From The CEO
- Published: Wednesday, 06 April 2022 21:29
- Written by STEPS
- Hits: 7391
Jennifer Buss, PhD
In recent months, the Potomac Institute focused on facilitating discussions to raise awareness on the importance of economics and industrial input (both products and ideas) in US national security. Industries in the US have a vital role to play in defining national security capabilities and the government should expand avenues for outside voices to enter the conversation.
In order to foster such interdisciplinary conversations, the Institute’s Global Competition Project (GCP) seminar series explores all facets of what it means for the US to again face nation-state competition, combining insights from experts in diverse fields associated with societal level competitions. This issue’s authors confront the many challenges brought on by the convergence of military, economic, and political transnational competition in today’s interconnected and interdependent world, with several of the articles drawing directly on discussions at GCP events for context and ideas.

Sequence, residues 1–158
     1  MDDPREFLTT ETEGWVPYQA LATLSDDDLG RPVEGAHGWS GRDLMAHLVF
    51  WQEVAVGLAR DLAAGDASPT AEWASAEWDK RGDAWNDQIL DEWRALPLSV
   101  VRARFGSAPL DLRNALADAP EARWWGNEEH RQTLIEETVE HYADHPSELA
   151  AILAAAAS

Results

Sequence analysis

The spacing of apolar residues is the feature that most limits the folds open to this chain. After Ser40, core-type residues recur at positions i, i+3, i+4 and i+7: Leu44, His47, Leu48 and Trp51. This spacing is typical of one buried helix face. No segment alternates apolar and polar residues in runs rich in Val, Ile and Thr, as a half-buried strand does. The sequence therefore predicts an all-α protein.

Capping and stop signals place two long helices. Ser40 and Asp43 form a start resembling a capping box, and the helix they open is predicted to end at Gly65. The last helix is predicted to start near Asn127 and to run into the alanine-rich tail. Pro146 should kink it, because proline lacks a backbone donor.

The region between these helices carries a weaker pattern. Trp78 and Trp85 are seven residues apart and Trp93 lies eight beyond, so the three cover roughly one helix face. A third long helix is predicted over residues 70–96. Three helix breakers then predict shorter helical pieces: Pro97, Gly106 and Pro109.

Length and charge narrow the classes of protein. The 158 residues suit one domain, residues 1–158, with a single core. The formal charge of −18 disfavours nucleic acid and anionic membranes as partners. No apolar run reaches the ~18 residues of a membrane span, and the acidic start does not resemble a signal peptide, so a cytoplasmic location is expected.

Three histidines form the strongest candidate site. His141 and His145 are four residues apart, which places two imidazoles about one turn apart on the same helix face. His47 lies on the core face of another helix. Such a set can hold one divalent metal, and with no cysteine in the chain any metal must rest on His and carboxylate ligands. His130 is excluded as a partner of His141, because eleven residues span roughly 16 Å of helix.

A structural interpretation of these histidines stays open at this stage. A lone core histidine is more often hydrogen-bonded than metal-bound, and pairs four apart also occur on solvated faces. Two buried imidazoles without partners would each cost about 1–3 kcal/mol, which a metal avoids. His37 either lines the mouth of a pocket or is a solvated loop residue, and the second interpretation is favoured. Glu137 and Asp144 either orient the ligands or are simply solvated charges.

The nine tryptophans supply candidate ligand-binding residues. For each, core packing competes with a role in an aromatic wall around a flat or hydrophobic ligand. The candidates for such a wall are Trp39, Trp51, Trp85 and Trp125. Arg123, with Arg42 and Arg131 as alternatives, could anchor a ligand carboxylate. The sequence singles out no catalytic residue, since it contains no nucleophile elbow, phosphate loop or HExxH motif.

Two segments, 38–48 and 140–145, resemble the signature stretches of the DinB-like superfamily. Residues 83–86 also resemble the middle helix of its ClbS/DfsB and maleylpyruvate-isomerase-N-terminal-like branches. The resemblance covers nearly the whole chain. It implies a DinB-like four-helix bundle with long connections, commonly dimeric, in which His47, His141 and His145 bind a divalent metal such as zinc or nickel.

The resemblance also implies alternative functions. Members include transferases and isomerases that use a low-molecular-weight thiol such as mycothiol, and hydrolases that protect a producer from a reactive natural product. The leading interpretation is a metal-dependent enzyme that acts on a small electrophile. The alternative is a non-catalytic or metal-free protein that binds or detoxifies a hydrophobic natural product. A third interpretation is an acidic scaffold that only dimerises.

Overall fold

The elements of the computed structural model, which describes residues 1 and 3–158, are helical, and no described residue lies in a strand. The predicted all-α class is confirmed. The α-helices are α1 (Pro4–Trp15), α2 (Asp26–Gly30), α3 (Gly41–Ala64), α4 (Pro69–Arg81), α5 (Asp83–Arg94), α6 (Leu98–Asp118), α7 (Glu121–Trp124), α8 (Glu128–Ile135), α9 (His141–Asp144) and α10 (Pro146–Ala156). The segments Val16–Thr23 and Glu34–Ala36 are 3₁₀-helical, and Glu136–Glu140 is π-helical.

Today’s world is one of possibilities and perils, with advancements coming in nearly every aspect of science and technology every day. The US must find ways to harness these advancements for the benefit of society to remain competitive. The challenges of today are not easy, but the US does have the ingenuity to tackle them—provided all aspects of society are able to contribute to our national endeavor. Societal competition requires a national strategy facilitating the flow of ideas and capabilities between the public and private sectors to extract “goodness” no matter the source.
At the Potomac Institute, we pride ourselves on innovative thinking—pushing ourselves and others to see all that is possible. Through STEPS, we call on bold, innovative thinkers to author articles that help us, and our readers, think in this way. Pushing the boundaries of the possible and challenging us all to go forth and implement change. We trust that readers of STEPS will continue to appreciate both the cogent analysis and intellectual rigor put forth by the authors. We hope that, after much reading and some discussing, they will also join us in taking inspiration from the challenges laid out by the authors and drive forward to innovate and create the change needed to address our national needs.
Dr. Jennifer Buss
Chief Executive Officer, Potomac Institute